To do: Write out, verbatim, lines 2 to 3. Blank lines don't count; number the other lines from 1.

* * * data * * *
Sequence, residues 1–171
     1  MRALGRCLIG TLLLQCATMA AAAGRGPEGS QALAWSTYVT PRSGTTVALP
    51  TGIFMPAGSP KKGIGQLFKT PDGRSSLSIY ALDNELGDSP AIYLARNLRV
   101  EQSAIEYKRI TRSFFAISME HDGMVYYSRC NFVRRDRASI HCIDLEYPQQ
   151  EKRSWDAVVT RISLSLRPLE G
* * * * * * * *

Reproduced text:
     1  MRALGRCLIG TLLLQCATMA AAAGRGPEGS QALAWSTYVT PRSGTTVALP
    51  TGIFMPAGSP KKGIGQLFKT PDGRSSLSIY ALDNELGDSP AIYLARNLRV